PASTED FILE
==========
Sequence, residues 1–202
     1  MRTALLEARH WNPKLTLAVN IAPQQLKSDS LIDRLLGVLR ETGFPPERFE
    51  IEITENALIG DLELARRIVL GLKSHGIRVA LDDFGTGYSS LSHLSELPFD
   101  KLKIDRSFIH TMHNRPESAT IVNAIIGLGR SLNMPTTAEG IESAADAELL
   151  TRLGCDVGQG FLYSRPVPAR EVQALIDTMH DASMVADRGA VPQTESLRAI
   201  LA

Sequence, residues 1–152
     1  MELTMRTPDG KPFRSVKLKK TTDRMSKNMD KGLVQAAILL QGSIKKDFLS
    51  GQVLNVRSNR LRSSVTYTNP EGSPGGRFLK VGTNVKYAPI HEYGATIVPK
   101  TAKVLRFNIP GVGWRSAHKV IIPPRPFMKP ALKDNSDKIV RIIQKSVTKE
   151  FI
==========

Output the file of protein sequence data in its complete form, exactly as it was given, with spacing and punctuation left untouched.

Sequence, residues 1–202
     1  MRTALLEARH WNPKLTLAVN IAPQQLKSDS LIDRLLGVLR ETGFPPERFE
    51  IEITENALIG DLELARRIVL GLKSHGIRVA LDDFGTGYSS LSHLSELPFD
   101  KLKIDRSFIH TMHNRPESAT IVNAIIGLGR SLNMPTTAEG IESAADAELL
   151  TRLGCDVGQG FLYSRPVPAR EVQALIDTMH DASMVADRGA VPQTESLRAI
   201  LA

Sequence, residues 1–152
     1  MELTMRTPDG KPFRSVKLKK TTDRMSKNMD KGLVQAAILL QGSIKKDFLS
    51  GQVLNVRSNR LRSSVTYTNP EGSPGGRFLK VGTNVKYAPI HEYGATIVPK
   101  TAKVLRFNIP GVGWRSAHKV IIPPRPFMKP ALKDNSDKIV RIIQKSVTKE
   151  FI